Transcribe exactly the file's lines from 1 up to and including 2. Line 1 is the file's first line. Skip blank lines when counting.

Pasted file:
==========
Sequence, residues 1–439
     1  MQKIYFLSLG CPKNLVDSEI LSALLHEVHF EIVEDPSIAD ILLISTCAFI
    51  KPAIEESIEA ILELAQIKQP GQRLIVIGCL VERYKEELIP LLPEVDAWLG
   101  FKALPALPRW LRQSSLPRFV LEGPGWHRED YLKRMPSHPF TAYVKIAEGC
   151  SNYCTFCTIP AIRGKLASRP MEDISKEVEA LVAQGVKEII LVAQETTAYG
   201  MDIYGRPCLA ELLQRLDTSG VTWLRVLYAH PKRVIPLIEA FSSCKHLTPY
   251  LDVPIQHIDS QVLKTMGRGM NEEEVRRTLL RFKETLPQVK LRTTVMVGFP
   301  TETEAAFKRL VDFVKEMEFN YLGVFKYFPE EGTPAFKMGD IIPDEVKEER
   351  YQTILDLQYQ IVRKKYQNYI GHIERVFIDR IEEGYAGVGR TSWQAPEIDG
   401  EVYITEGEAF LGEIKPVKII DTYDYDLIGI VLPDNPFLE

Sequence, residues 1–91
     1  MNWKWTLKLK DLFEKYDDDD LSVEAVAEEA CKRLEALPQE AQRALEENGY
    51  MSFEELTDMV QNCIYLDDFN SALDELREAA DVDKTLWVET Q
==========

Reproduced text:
Sequence, residues 1–439
     1  MQKIYFLSLG CPKNLVDSEI LSALLHEVHF EIVEDPSIAD ILLISTCAFI